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Among the many prison break stories during the Second World War, one stands out because of its incredible scope and complexity. Under the leadership of British POW Roger Bushell, prisoners of German camp “Stalag Luft III” dug not one, but three very long underground tunnels that enabled them to create one of the biggest prison break attempts in WW2 Europe.
The autobiographic book of Polish soldier Sławomir Rawicz described his incredible prison break journey from the gates of the frozen Siberian Gulag prison camp to the 4000 miles distant safety in India. Although many modern historians dispute his claim, the story of his life remains popular in the minds of the worldwide audience.
Britain’s largest prison break happened at the end of 1983 when over 30 armed IRA solders managed to engage the prison guards of one of the most secure European prison in deadly combat, and escape through the prison gates.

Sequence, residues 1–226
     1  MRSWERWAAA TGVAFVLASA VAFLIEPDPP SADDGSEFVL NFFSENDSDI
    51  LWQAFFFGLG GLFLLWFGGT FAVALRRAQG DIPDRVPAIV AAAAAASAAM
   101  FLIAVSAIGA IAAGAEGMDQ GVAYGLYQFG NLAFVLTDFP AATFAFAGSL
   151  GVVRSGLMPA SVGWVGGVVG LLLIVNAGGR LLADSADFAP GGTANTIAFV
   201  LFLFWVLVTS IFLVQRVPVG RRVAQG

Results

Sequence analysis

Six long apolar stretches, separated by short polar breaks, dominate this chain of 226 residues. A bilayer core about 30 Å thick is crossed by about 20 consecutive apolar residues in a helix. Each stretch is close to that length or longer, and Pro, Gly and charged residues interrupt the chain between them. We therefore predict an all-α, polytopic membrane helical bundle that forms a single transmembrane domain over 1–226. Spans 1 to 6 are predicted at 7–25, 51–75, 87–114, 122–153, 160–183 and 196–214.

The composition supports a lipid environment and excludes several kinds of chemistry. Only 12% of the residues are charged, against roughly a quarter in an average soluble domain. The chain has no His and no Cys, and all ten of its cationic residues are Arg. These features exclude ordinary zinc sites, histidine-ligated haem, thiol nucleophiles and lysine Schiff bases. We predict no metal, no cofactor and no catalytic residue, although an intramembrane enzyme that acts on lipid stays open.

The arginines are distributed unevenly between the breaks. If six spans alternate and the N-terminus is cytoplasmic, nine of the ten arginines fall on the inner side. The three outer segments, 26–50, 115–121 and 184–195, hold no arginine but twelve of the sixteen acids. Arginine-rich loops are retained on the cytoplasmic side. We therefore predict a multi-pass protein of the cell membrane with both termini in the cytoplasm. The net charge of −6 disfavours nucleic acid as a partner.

Escape from Alcatraz that conducted by Anglin and Frank Lee Morris during 1962 is today remembered as one of the most famous prison escapes of all time. Stories about this daring escape still circulate among the population of world, and mysterious circumstances that surround this event remain unsolved even today.